• Also in the queue, guests enter a French artist's loft created especially for the EPCOT attraction, modeled after the art studio seen briefly in the film. As they pass through the room, guests see French-inspired paintings, cupboards filled with art supplies and two magical canvases that come to life.

  • The attraction finds inspiration in several scenes from the film, including Remy's first view of Paris, his fall through a skylight into Gusteau's kitchen, the pantry where he hides from Chef Skinner, and the leafy restaurant Remy creates for himself and his family and friends.

  • A number of the oversized products seen throughout the attraction call back to the film, including olive oil named for Linguini and sparkling wine named for Gusteau.

  • The massive ham hanging from the ceiling in the pantry weighs 2.7 tons; the fish in the same scene is 26 feet long.

  • Inside the attraction entrance, large posters depict Remy, Linguini and Chef Skinner.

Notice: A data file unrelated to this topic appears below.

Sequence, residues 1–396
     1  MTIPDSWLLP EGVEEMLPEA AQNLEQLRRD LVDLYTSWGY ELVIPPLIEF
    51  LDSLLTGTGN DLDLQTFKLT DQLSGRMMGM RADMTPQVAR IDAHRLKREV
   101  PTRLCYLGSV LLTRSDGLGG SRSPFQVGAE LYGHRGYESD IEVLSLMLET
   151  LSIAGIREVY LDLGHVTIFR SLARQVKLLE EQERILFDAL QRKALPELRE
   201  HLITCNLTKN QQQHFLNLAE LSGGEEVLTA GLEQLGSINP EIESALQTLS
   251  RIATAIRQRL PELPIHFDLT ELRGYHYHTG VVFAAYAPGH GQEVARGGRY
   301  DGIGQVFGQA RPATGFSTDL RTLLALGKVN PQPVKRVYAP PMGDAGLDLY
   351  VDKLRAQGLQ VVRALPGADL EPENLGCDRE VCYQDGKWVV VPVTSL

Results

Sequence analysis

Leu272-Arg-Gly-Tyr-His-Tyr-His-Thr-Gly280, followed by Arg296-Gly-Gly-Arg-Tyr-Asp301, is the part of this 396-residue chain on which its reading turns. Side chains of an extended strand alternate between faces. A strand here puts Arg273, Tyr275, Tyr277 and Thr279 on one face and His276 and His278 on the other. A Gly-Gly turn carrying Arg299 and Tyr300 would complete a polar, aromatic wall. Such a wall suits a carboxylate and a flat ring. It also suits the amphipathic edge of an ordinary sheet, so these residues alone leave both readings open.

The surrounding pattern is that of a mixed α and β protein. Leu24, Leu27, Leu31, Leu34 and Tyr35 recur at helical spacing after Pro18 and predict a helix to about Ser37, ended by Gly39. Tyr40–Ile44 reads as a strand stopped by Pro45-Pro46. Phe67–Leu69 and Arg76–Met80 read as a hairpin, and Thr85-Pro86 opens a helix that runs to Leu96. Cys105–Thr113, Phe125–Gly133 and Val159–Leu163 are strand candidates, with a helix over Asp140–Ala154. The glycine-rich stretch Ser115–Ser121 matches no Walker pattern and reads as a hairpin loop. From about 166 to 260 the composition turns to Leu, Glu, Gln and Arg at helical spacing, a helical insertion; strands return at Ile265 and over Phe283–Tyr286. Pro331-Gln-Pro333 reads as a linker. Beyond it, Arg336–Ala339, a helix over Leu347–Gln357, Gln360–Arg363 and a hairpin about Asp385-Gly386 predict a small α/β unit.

• Outside the theater are Chef Skinner's scooter and Chef Colette's motorbike, which make for fun photo opportunities for fans of the film.

  • Guests can peer into La Cave D'Ego, a wine shop owned by famed food critic Anton Ego; the vintages of wine bottles on display hold special significance to the "Ratatouille" story in both the film and Disney parks.

  • The health inspector who plays an important role in the film has an office located along the Alleé des Marchands.

  • A Remy motif runs throughout the pavilion expansion, with his image incorporated into a manhole cover, park benches, iron railings, a newsstand and a fountain.

  • The waterside pathway leading to the France pavilion expansion is called Rue Auguste Gusteau, an homage to the famous chef.
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CJR1 day ago